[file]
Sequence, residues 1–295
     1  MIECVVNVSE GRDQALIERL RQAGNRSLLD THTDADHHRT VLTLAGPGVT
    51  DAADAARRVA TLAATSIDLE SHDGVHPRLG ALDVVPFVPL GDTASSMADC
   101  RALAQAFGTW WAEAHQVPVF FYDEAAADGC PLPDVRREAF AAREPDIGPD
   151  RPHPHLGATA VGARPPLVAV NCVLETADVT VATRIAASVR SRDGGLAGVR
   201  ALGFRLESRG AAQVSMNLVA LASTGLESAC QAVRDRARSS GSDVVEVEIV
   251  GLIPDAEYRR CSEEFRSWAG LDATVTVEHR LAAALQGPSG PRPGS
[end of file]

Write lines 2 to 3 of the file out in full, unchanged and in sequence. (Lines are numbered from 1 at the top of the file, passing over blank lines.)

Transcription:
     1  MIECVVNVSE GRDQALIERL RQAGNRSLLD THTDADHHRT VLTLAGPGVT
    51  DAADAARRVA TLAATSIDLE SHDGVHPRLG ALDVVPFVPL GDTASSMADC